Doron Dorfman, Associate Professor of Law at Syracuse University, argues that a new generation has grown up with an additional undesirable role – as objects of suspicion. The public knows little about the ADA or the prevalence of discrimination against people with disabilities, Dorfman says, and one result is what he calls “the fear of disability”.
People with disabilities constantly pay “a tax or a price”, he said, “this idea of disability is and must always prove that they are actually disabled” and therefore deserves protection.
Ms. Barker, who lost her ability to walk at the age of 11, understands. One day when she was in law school she was at the cash register of an Atlanta clothing store holding a dress, pants, and a pair of tops. Another customer came up to her and said she was curious about the young woman in the wheelchair: “How do you have the money to buy all of this?” Asked the woman. “Did you injure yourself and sue someone?”
The ADA generation grew up expecting their rights, but instead found resentment – which sparked the need to push back further. “There are more of us who have grown up disabled and proud,” said Stephanie Woodward, 32, of Rochester, NY
Ms. Woodward, who was born with spina bifida, was 7 or 8 years old when she first heard about the ADA. She had just started using a wheelchair in school and a teacher complained that it was a safety risk. The next day her father went to ask for an apology. Her father – an electrician and a guy who pulls himself up on boot straps – brought up his daughter’s rights issue and announced that he would “find an ADA attorney. “This threat produced results. Ms. Woodward recalls the thought, “What is the ADA? As if I really had to know because it got such a reaction. “
Today Ms. Woodward is a disability rights advocate and activist. A popular photo showed her being arrested in a U.S. Senate office in June 2017. Her hands were cuffed behind the back of her pink wheelchair. She was arrested with members of the Adapt disability group protesting a Republican bill to repeal the Affordable Care Act.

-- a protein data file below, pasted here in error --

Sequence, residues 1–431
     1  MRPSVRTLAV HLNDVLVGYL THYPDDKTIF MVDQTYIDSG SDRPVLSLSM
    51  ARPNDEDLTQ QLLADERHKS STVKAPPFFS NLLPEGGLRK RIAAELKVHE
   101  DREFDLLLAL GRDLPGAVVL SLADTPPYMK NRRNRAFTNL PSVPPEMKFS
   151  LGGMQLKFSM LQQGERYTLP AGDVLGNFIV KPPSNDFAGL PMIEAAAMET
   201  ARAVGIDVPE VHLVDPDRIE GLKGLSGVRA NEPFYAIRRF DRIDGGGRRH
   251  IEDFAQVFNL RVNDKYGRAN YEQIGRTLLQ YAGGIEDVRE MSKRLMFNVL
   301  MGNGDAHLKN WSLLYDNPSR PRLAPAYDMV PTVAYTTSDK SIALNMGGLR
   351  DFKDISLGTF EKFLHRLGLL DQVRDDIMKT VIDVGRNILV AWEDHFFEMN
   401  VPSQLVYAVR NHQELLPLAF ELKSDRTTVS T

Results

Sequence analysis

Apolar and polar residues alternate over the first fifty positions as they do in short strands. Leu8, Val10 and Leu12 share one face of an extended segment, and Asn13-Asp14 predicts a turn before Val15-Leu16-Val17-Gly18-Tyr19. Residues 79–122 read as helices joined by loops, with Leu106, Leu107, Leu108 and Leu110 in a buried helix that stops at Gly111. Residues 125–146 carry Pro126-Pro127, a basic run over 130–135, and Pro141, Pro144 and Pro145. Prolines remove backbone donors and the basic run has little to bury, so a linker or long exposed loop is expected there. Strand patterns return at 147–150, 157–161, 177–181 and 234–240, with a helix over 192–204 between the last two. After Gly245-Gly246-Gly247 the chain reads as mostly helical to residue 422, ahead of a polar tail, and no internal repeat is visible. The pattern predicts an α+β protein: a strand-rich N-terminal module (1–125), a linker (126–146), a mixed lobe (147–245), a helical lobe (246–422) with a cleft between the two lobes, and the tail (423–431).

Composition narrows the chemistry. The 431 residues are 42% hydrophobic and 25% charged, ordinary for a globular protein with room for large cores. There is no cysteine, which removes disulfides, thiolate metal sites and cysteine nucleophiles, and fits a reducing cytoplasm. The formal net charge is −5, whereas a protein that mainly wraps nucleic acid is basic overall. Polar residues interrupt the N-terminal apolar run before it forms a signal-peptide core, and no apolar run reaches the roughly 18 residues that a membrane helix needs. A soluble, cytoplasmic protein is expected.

For people with disabilities, access to health care can have life or death consequences. They were among the biggest beneficiaries of Obamacare, particularly Medicaid’s expansion. The readiness of activists, especially the younger ones, to be arrested and the impact they had on the Obamacare struggle strengthened their political power – at least among the Democrats. In particular, Joseph R. Biden Jr., the alleged Democratic presidential candidate, is now speaking of expanding home care for young and old with disabilities – a central theme in Ms. Woodward’s protests – as “just an absolute fundamental right”.
There is a long history of successful protests against disability rights. Judith Heumann, believed to be the movement’s founder, led a 26-day takeover of a federal building in San Francisco in 1977, prompting the Carter administration to enforce what is believed to be the forerunner of the ADA
This story is told in her recent essay, Being Heumann, and in the new Netflix documentary, Crip Camp .: A Disability Revolution. Ms. Heumann, who had polio as a child, is now 72 years old and mentor the up-and-coming generation of executives.
“The ADA generation wants their lives to benefit from ADA,” she said. “They also believe the ADA is not enough.”